International Data Roaming Is Broken. Can MVNOs Fix It?
Photograph by Tom Merton
Let’s face it: If you use your phone or tablet’s mobile Internet connection while traveling abroad, well, you’re screwed. Standard roaming rates for most operators can run upwards of $20 a megabyte. Some carriers will sell you a bucket of megabytes, but the going rates are still 10 to 20 times higher than what you’d typically pay for mobile data on a standard plan.
If you’re lucky enough to have an unlocked phone with GSM and HSPA radios, you can buy another carrier’s SIM card service when you arrive at your destination and pay local rates. If you’re really determined, you could rent a smartphone or mobile hotspot. Whatever option you choose, you have to be prepared to either pay an exorbitant amount of money or go through an enormous hassle—sometimes both.
To put it simply, international data roaming is broken, and no U.S. carrier seems to be lifting a finger to fix it. They seem to prefer the miserable status quo to the headaches required to repair the system. But where the network operators are falling down, mobile virtual network operators (MVNOs) are picking up the slack.
As its name implies, an MVNO doesn’t have a network of its own. Instead it buys minutes and data capacity from a traditional carrier, and resells them under its own brand and pricing plans. While most MVNOs tend to work in a single country with a single carrier, there’s nothing preventing them from buying capacity on multiple networks in multiple countries, and then selling international access to a customer in a single pricing plan.
Companies like Tep Wireless and XCom Global are doing just that, renting out mobile hotspots to Europe-bound travelers that they can take across borders. Both will save you a lot of money if you’re a globetrotting heavy data user, but they’re by no means cheap, charging upwards of $15 a day if you opt for unlimited data packages.
London-based Voiamo, however, is thinking bigger with a new service called GlobalGig. Instead of just renting you a hotspot and selling you a temporary plan when you travel, it proposes to replace your current country-limited 3G or 4G modem plan with a service that will work in multiple countries with a single pricing plan. Its rates are comparable to the prices most of the major carriers charge for hotspot plans—starting at $25 for 1 GB a month and up to $50 for 5 GB—but those rates are good for the U.S., the U.K., and Australia.
In the U.S., GlobalGig uses Sprint’s (S) network, while in the U.K. and Australia it uses the 3 and Optus networks, but it is negotiating deals with carriers in other countries and plans to expand its global footprint soon, Voiamo Chief Executive Officer and founder Nigel Bramwell said. Its $120 hotspot—which can connect up to five devices through Wi-Fi—can support networks in 100 different countries, Bramwell said. As GlobalGig adds more carriers to its roster, it will periodically send out new SIM cards to its customers, expanding their coverage to new countries.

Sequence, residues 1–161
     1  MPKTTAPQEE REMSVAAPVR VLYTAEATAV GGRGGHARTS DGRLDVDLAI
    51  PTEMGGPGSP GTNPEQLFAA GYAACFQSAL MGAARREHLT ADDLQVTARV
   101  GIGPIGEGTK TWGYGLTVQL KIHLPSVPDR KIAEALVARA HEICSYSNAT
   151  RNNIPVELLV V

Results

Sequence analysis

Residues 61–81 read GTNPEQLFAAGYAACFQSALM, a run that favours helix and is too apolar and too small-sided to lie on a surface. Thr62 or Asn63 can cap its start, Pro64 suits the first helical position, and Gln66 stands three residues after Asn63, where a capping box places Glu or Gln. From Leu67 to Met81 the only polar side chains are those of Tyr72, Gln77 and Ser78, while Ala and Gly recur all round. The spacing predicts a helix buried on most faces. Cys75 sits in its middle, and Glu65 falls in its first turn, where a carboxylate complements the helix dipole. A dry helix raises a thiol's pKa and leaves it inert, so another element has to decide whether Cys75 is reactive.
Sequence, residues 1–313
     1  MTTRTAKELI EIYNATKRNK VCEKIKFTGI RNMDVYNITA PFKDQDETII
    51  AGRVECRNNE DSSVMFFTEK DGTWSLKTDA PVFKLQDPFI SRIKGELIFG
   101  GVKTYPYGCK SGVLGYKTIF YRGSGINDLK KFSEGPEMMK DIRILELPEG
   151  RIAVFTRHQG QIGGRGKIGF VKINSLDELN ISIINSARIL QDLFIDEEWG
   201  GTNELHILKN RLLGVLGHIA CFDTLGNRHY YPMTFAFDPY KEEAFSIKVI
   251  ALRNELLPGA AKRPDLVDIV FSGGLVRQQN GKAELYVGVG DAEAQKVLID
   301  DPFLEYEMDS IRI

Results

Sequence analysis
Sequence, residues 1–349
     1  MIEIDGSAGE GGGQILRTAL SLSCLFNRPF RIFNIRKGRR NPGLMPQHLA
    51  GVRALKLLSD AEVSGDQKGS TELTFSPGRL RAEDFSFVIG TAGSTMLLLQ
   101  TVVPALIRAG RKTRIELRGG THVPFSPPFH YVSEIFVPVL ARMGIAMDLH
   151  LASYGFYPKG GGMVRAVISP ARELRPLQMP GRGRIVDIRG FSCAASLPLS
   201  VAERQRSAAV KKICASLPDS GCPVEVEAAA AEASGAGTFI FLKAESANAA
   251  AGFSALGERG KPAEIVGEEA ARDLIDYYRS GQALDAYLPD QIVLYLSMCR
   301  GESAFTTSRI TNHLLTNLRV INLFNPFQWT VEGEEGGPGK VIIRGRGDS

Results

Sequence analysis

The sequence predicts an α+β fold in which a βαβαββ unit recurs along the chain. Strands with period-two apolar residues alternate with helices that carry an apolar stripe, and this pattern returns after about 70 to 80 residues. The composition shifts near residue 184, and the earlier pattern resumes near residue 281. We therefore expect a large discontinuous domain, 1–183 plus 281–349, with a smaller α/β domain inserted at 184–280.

If you’re a frequent international traveler, GlobalGig would be an ideal service especially if you already regularly use a mobile hotspot, but there are some limitations. The biggest is that the device can only access Sprint’s 1X and EV-DO networks. That means fairly slow data speeds compared with the LTE, HSPA+, and even WiMAX broadband service offered by other carriers. But Bramwell said GlobalGig’s next-generation device will support all major global LTE networks. If that’s the case, the company will have something truly powerful on its hands: a 4G data service that knows no borders.
Voiamo may soon have some company in the global roaming market. Last month at a conference, Sprint MVNO Voyager Mobile revealed it has plans in the works to offer international voice and data plans, which charge the same rates whether home or abroad. Robert Gaal, the CEO of recently launched mobile broadband MVNO Karma, told me that his company might expand its social bandwidth model to other countries as well. Gaal, who is from and regularly visits the Netherlands, is increasingly frustrated with carrier roaming policies, and said the only restriction to going international is finding inexpensive devices that support multiple 4G bands and technologies.
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